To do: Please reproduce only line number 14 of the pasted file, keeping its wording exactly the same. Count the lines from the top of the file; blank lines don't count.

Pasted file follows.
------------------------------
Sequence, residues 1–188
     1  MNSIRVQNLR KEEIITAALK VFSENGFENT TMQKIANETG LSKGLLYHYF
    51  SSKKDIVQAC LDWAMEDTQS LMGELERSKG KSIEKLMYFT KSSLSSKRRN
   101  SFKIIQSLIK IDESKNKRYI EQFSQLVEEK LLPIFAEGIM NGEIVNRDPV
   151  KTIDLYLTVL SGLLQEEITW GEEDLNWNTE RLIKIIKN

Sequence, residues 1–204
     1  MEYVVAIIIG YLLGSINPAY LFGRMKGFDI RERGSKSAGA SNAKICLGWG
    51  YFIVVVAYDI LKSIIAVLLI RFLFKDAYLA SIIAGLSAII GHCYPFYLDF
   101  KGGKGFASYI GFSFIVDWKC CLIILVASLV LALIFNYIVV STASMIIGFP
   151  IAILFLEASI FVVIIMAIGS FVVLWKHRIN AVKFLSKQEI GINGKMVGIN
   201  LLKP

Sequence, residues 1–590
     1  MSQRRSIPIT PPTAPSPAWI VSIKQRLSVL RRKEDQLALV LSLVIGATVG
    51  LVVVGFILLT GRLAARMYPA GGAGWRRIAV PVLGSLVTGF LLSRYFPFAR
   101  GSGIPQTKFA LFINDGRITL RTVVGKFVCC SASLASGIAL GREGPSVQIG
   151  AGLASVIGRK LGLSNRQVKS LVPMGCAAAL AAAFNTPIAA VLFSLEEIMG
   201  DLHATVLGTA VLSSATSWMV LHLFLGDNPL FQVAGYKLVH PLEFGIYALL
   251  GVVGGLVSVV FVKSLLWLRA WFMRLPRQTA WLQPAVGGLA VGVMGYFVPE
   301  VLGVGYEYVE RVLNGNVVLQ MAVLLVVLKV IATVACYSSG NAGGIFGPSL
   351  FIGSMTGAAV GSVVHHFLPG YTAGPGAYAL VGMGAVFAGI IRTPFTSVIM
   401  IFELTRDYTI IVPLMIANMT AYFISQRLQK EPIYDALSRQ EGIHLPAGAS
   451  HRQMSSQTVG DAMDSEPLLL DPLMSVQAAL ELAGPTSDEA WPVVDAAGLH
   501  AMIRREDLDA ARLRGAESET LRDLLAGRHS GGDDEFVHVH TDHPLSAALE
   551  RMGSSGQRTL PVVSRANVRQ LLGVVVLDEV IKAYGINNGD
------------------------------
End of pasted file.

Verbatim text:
    51  LVVVGFILLT GRLAARMYPA GGAGWRRIAV PVLGSLVTGF LLSRYFPFAR